It’s only fitting that I would remember my experience in Salzburg through its sounds, as even the silence that greeted me when we arrived on the first frosty morning there was striking. I was surprised at how empty and how small the historic city center was, known as the birthplace of Mozart and the residence of the Von Trapp family (now of “Sound of Music” fame). But by late January the high point of the tourist season had passed and we were able to get well acquainted with the layout of the city surrounded by beautiful snow-covered Alps in peace. Shortly after we arrived, small but hefty metal church bells tolled ten o’clock and a guy running a coffee stand next to an empty ice skating rink shouted “Guten Morgen, Salzburg!” into the chilly air, as if to greet the town itself.
Bells pealed from every small church throughout the day every quarter hour, and for most of the morning this set the backdrop for our visit. Bells, the occasional clip-clop of horse hoofs on cobblestones pulling tourist carriages, and silence. Silence as we passed the old and new Residenz, the Dom (cathedral), St. Peter’s Church and its adjacent cemetery. This last was fascinating, as it lay between the pencil-like tower of the church and a sheer face of rock into which monastic homes had been built high into the cliff. The graves are rented by families, and we saw many newer graves alongside older ones. Most are carefully tended like a garden (some were being attended to by family members during our visit), with arrangements of perennial pink heather, fresh roses, pine branches, and even occasional small Christmas trees decorated with ornaments or candles.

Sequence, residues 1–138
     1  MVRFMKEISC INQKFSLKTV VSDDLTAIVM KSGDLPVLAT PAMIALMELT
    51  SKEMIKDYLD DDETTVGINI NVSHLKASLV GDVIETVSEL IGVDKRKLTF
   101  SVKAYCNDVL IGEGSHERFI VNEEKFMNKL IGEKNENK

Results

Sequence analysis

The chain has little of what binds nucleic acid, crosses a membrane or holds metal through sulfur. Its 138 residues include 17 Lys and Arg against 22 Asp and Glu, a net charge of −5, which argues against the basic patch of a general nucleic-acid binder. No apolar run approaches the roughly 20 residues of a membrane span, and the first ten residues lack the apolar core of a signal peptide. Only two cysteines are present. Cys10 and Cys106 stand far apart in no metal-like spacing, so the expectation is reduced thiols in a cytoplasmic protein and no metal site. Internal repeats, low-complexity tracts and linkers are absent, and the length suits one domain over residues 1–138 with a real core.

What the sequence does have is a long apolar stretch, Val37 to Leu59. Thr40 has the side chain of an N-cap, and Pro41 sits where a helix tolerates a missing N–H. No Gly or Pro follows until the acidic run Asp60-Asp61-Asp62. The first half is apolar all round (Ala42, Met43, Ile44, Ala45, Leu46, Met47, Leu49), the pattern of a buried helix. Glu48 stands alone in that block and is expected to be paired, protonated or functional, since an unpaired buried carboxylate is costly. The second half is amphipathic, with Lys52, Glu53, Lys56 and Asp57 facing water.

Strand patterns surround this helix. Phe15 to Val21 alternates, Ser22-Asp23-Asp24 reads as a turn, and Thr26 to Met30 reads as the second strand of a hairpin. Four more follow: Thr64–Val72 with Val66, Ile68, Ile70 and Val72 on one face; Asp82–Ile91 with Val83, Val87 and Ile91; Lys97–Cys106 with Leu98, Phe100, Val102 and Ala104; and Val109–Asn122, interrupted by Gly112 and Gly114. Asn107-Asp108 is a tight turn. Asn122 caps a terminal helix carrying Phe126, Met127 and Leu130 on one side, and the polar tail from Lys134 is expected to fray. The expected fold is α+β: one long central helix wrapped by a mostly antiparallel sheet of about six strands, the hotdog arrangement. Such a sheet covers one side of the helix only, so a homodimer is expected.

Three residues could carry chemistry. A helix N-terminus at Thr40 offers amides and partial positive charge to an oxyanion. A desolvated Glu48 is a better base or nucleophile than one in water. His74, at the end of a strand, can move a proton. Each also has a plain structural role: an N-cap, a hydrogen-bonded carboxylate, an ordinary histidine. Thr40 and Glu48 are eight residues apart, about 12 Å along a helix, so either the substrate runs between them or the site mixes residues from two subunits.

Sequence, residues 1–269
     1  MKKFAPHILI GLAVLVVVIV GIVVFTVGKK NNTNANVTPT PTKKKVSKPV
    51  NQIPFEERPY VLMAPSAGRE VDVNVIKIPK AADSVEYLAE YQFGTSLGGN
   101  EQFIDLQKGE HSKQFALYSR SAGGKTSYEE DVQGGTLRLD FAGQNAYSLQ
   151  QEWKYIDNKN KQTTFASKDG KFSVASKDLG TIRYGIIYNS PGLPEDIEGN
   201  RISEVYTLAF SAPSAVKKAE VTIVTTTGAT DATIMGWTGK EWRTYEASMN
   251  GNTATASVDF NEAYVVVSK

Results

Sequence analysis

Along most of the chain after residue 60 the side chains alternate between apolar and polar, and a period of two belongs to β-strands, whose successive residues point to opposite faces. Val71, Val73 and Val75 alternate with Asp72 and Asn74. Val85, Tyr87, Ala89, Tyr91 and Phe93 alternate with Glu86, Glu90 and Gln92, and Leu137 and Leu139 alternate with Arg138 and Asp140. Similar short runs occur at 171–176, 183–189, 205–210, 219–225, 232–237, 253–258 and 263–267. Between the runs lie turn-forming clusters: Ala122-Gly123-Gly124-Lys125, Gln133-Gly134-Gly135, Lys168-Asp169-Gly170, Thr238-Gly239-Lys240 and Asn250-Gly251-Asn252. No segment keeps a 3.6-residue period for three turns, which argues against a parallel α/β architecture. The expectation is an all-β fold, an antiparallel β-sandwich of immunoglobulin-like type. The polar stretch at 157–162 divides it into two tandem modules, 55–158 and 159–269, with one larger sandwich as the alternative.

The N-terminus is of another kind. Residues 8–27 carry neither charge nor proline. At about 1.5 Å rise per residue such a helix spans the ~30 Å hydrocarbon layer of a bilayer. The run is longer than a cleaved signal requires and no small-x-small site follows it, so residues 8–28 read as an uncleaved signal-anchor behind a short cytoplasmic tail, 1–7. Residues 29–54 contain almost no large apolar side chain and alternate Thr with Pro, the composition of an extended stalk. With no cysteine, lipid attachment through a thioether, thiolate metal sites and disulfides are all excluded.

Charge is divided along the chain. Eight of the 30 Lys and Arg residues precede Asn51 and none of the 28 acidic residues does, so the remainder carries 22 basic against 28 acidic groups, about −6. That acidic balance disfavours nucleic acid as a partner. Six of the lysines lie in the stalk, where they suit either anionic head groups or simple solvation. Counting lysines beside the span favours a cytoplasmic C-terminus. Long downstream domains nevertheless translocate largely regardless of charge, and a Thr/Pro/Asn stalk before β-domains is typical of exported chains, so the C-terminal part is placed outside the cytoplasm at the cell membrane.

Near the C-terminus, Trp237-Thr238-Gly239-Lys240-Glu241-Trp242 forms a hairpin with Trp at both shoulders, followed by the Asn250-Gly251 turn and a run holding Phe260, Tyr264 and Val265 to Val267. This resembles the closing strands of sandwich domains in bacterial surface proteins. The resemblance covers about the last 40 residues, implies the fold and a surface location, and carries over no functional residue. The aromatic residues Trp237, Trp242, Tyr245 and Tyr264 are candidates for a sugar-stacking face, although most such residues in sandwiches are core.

As we walked through, light sounds of construction on a wooden roof behind and above the graves on the mountain gave way to the Cranberries’ “Zombie” playing softly on the workers’ radio. The Irish war-themed 90s single lent a surreal feeling to the cemetery visit.
But the mood picked up after lunch as we emerged from a quiet wooden tavern to the surprising sounds of Karneval beginning already in Salzburg. The owner of the guest house where we stayed told us that Karneval celebrations aren’t so typical in Austria – the traditions come more from Switzerland – and that the troupes performing concerts throughout the days and parades at night that weekend only do this every few years in Salzburg.
So we toured the Salzburg History Museum and the town squares to one marching band pop song (mostly American music) after another. Linkin Park’s “Castle of Glass” and Bonnie Tyler’s “Holding Out for a Hero” in particular were played over and over by different elaborately costumed bands of teenagers.
But Karneval garb is quite different in Salzburg than it is in Mainz. Whereas Mainz paraders are all fools and cute animals, the Salzburg bands had scarier or at least more bizarre themes. Witches, skeletons, trolls, monsters, zombies, elves, magicians… Most wore either huge elaborate masks or detailed airbrushed make-up.
The concerts continued the entire day both Friday and Saturday. One song blended into another as we and the bands moved alternately through the city. In the evening the celebration culminated with a parade (only an hour long) to showcase all of the groups as they crossed the bridge over the Salzach River into Salzburg’s center. Some of the scarier masked characters got in spectators’ faces (mostly for women and children), messed with their hair, or (in my case) stole their hats and kept parading away.
By this time, of course, my heartbeat had been realigned to the beat of a giant bass drum. And the music continued after the parade was over. Groups continued to draw small audiences in various squares on both sides of the river for hours after the official celebrations had ended (and before they began their next full day celebrations).
We spent our next and last day in Salzburg at Mozart’s former home where he was in fact born. Depending on where we were in our rounds of the home-turned-museum, we alternated between more marching band pop and rock music and Mozart’s classic works. I’m not sure what Mozart would think of the modern sounds of Salzburg, but they certainly created a memorable experience for me.